Public Image Ltd.
Music Hall of Williamsburg, Brooklyn, October 10
by Stephen Slaybaugh

“We remember this place,” John Lydon commented as he and his cohorts in Public Image Ltd. took the stage at the Music Hall of Williamsburg last night. As well he should. In 2010, PIL played the 550-capacity club after two shows at Terminal 5, which holds six times the amount of people. The intimate Brooklyn club is no doubt smaller than the majority of venues on the band’s current tour, which also includes a show Saturday at the 3,900-capacity Hammerstein Ballroom.

Lydon seemed suitably pleased to be back in the small room, even letting something of a smile crack through his normally gnarly visage. The audience had reason to be pleased too, as the band delivered a two-hour set that ran the gamut of the PIL catalog. They began the night with “This Is Not a Love Song,” which these days rolls atop a metallic post-funk bounce much fuller than the song’s original lean incarnation. Indeed, the band’s MO was to adapt each song—whether “Albatross” from Metal Box or “Warrior” from 9—to the band’s current aesthetic rather than hop around stylistically all night. This was particularly noticeable with Lu Edmonds’ guitar emanations, with inflected cuts like “Flowers of Romance” and “Death Disco” with his own gypsy accentuations.

Similarly, Lydon favors a good deal of vocal acrobatics these days. Gargling with Hennessey between songs, he admitted to being a little under the weather. It didn’t seem to have too great an effect on his vocals, as he careened between caterwauled crescendos and guttural growls as each song demanded. There were moments, however, when all the trilling and hyperbolic delivery got to be a bit much, and it would have been preferable for him to show some of the snarling whine of old. But that was a minor quibble, especially as the set began its climax with “Death Disco.” “Bags” was equally exhilarating, with its thunderous beat and scraping guitars, but it was “Religion” that was the showstopper. Lydon channelled plenty of contempt and anger into the song’s screed on the evils of the church. With the crowd’s blessing, he had the soundman turn Scott Firth’s mesmeric bassline up to a heart-pounding level to close the set with a thump.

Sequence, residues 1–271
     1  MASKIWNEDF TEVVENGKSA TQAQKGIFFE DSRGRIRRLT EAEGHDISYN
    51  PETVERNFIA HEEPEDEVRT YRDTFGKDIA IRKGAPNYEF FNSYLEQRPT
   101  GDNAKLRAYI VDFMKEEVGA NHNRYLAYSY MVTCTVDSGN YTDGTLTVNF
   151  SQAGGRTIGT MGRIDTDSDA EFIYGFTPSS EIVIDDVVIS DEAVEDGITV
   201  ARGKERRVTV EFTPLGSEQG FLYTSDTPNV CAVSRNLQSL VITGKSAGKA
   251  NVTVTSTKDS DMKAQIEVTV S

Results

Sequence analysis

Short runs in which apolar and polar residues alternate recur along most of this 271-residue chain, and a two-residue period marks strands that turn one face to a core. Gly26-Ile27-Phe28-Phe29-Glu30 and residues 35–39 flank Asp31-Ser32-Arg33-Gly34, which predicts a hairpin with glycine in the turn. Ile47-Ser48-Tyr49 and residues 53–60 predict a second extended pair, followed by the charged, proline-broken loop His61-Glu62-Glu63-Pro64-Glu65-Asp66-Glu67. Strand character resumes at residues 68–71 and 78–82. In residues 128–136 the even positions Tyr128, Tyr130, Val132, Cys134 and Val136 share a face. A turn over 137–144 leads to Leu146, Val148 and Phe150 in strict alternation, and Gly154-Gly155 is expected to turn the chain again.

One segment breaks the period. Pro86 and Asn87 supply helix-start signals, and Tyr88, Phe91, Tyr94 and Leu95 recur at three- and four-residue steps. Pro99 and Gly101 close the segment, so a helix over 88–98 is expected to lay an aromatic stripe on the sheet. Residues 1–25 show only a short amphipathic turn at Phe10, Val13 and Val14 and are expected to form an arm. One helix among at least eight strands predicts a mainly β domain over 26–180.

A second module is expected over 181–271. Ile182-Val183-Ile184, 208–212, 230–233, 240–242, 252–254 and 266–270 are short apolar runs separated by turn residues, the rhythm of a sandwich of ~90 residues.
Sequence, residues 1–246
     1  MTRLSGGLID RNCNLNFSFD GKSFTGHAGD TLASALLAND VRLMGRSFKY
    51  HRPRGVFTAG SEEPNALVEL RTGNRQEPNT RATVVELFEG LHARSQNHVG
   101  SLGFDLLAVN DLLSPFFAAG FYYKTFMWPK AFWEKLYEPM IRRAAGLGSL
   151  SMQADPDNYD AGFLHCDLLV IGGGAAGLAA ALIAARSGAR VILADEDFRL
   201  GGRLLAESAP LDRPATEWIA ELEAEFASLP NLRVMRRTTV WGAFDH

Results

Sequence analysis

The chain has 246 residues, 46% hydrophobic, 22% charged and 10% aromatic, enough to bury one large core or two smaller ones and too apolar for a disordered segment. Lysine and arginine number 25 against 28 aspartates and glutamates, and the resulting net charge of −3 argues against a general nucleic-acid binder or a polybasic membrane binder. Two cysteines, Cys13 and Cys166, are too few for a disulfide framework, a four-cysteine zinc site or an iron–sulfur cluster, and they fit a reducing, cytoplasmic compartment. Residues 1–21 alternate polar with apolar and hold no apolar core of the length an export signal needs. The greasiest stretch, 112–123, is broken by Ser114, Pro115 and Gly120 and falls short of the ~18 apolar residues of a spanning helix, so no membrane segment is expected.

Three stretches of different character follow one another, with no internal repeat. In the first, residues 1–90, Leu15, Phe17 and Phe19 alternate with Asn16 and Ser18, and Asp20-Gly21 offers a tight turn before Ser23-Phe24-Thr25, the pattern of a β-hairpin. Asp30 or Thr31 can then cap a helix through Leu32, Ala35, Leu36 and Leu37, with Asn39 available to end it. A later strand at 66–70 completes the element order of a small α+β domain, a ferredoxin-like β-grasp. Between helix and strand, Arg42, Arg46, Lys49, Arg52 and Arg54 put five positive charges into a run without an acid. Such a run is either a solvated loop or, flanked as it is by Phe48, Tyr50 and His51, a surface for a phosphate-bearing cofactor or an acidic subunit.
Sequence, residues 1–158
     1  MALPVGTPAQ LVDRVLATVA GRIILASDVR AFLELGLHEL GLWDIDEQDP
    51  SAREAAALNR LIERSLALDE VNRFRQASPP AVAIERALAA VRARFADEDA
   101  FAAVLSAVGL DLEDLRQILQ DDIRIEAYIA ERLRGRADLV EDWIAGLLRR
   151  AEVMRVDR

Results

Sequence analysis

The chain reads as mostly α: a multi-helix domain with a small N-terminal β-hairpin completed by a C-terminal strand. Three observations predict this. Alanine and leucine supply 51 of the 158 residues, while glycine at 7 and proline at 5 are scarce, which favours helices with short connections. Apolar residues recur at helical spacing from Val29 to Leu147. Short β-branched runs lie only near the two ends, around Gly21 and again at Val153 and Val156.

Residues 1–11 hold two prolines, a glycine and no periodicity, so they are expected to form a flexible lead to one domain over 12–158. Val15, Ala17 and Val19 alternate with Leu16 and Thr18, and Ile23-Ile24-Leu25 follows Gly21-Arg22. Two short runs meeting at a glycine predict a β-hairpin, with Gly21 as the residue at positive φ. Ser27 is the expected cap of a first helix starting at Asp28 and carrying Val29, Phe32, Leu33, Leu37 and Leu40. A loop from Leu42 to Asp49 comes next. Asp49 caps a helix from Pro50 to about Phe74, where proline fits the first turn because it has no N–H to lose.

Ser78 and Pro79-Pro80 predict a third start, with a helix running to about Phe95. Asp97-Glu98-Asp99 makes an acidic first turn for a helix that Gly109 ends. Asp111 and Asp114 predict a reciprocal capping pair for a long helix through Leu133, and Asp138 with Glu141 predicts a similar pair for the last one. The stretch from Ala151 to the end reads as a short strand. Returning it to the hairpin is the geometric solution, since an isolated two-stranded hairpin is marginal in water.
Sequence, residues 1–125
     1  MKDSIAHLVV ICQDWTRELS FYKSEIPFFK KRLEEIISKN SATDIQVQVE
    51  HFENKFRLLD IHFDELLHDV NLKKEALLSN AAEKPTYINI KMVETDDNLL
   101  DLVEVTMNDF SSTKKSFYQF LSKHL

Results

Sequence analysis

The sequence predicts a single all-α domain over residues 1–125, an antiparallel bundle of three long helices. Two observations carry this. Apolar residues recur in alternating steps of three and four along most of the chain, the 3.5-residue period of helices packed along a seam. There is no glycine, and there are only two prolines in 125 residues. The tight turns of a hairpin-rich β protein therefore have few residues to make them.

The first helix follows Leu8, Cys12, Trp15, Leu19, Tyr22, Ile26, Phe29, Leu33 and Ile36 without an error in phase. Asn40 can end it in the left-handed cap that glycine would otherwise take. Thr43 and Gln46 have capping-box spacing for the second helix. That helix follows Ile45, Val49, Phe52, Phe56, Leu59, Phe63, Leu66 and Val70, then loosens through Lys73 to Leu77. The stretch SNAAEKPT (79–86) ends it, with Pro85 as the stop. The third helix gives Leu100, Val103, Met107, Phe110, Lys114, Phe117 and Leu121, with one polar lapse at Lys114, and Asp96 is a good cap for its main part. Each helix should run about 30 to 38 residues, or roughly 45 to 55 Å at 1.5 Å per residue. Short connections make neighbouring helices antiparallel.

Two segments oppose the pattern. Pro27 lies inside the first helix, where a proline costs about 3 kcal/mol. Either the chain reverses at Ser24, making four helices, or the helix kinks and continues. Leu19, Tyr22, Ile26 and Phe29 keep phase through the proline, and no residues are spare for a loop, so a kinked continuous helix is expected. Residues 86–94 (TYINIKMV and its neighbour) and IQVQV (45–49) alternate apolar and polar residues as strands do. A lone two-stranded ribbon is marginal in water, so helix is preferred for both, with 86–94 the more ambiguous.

After a cigarette break, Lydon and company returned for a three-song encore of “Out of the Woods” from This Is PIL, their big hit, “Rise,” and “Open Up,” a song Lydon recorded with Leftfield in the ’90s. After “Religion,” it was something of a denouement, but then just about anything would have been. (I was surprised they didn’t play “Public Image.”) With there being very little letdown throughout the night, though, ultimately it was hard to feel anything but a bit bewildered by show’s end.